Networking Essays. Why Students Fail Networking Application Essays

Networking essays are a type of application essays that state specific networking skills examples and explain how their application in current and previous experiences is beneficial to one’s individual and professional growth. Networking skills essays are a common feature of college application essay questions for college admission and scholarship application. Normally, most colleges and universities require students to make written application essay submissions, otherwise known as college admission essays, for consideration and admission. Similarly, most higher education scholarship programs require student applicants to explain their suitability by writing scholarship application essays, in addition to making other submissions.

The importance of networking skills in building and maintaining healthy social networks underlines the importance of writing networking essays. College admission committees are normally interested in picking students who have strong networking skills and who are capable of demonstrating their social networking skills competence in group settings. In line with this expectation, students are required to increase their chances of getting selected by demonstrating good mastery of these social skills in their written networking essay submissions.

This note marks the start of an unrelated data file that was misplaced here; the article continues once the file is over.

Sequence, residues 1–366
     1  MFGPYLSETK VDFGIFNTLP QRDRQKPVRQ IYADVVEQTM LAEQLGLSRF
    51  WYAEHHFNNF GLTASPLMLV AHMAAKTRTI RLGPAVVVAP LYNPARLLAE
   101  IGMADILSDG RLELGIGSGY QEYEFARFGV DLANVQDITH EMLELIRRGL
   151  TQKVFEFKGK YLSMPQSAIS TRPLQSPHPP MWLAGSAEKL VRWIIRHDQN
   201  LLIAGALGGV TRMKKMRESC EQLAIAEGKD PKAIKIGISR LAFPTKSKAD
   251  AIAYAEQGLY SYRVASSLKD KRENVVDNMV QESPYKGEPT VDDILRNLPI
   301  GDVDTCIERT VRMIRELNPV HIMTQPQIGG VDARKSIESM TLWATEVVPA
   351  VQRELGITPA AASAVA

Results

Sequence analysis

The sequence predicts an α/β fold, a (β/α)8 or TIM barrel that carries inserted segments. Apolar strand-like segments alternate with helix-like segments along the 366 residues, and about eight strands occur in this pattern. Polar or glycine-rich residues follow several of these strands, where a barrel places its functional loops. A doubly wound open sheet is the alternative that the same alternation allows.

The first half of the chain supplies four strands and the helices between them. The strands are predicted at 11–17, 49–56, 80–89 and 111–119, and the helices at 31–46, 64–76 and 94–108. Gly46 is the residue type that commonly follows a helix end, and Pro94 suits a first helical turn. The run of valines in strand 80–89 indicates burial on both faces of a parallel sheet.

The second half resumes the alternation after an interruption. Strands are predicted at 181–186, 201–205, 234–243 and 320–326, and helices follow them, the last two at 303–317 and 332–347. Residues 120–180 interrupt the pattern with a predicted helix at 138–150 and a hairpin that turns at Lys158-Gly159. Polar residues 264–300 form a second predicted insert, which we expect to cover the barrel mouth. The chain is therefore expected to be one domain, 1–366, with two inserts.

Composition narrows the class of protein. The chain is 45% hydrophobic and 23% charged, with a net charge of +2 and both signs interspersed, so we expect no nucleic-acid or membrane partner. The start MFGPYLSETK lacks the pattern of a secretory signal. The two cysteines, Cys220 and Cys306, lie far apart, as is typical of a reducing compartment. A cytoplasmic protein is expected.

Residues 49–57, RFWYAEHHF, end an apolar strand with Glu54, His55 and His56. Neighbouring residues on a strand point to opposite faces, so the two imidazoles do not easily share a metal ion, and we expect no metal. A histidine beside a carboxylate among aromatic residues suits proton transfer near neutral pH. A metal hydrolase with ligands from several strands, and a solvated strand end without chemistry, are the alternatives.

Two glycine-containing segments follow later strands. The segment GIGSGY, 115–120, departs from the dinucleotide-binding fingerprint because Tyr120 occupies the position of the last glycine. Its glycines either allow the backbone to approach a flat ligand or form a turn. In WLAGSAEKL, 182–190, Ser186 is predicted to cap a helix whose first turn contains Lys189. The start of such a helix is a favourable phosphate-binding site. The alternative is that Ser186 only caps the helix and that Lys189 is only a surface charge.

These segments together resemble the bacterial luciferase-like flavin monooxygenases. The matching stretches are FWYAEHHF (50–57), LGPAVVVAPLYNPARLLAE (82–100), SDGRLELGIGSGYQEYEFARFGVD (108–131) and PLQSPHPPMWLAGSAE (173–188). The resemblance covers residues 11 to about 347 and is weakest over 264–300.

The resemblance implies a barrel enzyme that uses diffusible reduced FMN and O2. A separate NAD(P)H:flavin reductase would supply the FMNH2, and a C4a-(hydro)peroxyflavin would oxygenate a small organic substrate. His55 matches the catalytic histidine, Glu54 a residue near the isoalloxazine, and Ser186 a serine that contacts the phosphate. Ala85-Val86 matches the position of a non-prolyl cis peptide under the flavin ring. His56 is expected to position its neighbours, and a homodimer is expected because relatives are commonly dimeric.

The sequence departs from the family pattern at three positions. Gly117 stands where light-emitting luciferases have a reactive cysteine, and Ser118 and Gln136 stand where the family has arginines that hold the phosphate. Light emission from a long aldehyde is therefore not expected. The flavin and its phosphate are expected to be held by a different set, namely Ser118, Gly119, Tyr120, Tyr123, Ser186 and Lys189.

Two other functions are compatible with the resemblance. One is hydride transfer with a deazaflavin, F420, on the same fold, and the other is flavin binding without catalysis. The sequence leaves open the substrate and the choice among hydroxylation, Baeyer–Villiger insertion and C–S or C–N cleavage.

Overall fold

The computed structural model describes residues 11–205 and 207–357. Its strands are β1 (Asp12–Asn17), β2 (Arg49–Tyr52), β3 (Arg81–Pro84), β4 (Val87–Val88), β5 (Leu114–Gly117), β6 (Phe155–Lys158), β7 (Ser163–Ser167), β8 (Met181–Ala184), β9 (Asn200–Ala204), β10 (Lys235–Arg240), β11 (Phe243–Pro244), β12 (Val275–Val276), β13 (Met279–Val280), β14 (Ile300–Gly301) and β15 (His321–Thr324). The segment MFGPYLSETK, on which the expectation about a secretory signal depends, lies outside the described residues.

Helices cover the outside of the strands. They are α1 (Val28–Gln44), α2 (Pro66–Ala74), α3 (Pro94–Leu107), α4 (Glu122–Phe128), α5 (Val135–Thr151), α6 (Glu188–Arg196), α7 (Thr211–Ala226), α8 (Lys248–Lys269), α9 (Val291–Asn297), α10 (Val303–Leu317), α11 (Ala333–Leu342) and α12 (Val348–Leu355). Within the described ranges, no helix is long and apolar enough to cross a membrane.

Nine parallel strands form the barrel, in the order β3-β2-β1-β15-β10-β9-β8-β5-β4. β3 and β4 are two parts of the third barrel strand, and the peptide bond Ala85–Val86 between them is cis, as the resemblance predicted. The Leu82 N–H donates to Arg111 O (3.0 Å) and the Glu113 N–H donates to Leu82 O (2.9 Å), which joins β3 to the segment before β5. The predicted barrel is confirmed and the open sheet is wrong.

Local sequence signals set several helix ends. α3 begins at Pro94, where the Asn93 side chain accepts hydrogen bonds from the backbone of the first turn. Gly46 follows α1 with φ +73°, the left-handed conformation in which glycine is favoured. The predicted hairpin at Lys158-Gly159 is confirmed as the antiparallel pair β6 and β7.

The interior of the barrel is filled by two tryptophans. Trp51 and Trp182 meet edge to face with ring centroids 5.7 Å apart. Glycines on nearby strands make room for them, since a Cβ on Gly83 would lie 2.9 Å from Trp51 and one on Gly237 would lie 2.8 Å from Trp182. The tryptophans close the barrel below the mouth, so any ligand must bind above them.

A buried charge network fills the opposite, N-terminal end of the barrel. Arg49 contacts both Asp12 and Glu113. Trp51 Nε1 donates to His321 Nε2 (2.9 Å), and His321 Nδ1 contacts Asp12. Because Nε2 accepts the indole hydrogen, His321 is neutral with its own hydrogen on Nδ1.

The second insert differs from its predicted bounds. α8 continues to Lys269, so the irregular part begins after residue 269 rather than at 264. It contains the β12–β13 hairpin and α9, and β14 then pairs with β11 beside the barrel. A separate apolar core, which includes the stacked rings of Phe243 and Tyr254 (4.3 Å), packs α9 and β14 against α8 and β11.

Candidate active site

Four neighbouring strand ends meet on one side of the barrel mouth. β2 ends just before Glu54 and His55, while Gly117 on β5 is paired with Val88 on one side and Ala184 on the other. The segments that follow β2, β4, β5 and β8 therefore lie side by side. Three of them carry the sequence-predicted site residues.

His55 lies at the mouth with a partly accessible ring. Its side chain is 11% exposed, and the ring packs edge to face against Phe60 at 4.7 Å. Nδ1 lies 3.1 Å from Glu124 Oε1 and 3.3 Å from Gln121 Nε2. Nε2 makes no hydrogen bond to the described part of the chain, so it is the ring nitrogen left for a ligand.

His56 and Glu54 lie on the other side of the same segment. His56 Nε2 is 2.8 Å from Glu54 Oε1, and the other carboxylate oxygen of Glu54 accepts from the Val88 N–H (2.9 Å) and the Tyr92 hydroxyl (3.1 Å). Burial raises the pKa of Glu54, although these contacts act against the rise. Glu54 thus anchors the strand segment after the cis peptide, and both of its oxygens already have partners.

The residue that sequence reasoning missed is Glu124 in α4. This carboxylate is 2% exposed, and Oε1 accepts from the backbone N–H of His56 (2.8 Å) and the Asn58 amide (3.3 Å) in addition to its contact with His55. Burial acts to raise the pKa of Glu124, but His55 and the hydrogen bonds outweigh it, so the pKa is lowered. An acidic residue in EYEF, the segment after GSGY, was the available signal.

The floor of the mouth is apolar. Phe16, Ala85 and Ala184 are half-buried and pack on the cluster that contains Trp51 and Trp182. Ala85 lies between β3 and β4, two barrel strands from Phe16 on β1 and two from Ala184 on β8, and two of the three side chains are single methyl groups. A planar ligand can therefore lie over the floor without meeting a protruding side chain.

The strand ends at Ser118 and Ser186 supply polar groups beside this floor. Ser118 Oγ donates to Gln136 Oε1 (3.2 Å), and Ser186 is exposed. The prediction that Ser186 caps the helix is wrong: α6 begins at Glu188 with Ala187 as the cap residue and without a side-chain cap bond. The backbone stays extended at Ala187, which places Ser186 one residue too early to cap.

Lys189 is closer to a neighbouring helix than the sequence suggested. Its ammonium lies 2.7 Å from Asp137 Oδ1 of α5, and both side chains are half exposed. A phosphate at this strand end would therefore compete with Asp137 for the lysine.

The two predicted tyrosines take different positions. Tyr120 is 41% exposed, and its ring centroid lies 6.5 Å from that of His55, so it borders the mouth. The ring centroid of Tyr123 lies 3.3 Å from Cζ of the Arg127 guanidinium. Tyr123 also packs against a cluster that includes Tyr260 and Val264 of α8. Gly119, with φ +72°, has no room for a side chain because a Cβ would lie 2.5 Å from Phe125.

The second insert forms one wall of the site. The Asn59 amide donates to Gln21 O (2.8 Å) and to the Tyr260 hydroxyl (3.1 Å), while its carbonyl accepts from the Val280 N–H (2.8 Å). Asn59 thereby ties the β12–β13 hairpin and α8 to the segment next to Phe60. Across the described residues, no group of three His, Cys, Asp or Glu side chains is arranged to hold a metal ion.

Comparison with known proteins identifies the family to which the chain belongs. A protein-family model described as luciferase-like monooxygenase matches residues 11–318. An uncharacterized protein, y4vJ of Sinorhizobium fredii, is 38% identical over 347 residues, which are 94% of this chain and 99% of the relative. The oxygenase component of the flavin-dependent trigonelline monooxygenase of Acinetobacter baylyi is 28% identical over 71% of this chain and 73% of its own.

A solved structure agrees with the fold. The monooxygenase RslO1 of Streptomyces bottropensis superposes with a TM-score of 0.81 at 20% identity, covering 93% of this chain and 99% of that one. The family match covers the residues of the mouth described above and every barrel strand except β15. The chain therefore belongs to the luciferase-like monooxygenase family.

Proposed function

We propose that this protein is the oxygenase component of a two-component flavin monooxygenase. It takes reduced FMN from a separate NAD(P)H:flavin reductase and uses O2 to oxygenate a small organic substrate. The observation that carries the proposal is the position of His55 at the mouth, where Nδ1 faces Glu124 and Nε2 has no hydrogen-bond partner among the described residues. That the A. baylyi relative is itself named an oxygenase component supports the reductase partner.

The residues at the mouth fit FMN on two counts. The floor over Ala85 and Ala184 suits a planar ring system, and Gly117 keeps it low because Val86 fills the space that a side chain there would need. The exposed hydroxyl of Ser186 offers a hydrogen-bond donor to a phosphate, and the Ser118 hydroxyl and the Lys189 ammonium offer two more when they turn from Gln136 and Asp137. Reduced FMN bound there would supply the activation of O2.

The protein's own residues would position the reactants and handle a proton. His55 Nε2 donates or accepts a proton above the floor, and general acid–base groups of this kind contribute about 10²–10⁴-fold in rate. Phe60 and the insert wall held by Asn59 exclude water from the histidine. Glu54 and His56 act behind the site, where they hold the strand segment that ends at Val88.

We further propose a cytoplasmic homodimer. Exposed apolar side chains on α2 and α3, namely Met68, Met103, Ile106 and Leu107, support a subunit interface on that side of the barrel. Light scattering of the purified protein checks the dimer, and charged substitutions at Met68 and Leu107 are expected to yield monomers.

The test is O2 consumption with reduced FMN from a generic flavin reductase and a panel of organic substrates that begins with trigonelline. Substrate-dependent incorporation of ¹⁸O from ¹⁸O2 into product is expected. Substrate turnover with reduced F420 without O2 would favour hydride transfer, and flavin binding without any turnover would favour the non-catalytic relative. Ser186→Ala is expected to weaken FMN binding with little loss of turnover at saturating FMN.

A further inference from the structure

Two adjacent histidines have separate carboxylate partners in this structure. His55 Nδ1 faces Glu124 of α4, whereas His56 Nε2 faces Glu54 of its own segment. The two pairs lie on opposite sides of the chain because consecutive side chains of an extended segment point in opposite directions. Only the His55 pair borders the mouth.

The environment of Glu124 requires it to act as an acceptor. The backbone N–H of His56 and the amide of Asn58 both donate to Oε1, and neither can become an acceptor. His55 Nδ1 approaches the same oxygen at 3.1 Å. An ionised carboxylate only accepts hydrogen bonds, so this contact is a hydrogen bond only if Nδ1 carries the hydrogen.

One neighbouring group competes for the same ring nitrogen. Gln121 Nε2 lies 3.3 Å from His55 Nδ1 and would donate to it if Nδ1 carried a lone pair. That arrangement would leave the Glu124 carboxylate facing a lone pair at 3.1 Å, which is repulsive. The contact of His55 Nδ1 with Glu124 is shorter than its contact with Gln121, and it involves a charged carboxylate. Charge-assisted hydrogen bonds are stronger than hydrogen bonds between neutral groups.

Common Networking Skills Essay Writing Mistakes in Previous Samples of Networking Essays

When writing networking essays for college admission or scholarship application, students must use convincing networking examples to show how their social networks enable them to influence and lead others with the aim of meeting desirable outcomes. Unfortunately, analyses of networking essay samples from previous submissions of both college admission essays and scholarship application essays reveal that most students are poor at writing networking essays and illustrating their networking skills competence using proper examples. This is illustrated by the numerous mistakes in the networking essay samples.

The following are observations made by the Chevening Scholarship Committee explaining how students normally structure their application essays and the common mistakes found in networking essays submitted to Chevening in the past.

 Best Networking Skills Application Essays Good Networking Skills Application Essays Poor Networking Skills Application Essays
*Applicants made use of specific networking skills examples

*Showed how they maintained relationships within networks

*Described the various, unique methods of maintaining social networks

*Explained how those methods helped to  enhance networking

*Gave specific details of the benefits acquired from creating or getting membership to social media networks

*Applicants managed to show tangible evidence of their networking skills

*Showed how they had started to build new networks with members of the current Chevening community

*However, applicants did not give elaboration of their new networks.

*They simply mentioned joining networks on social media, which is not a good example of networking skills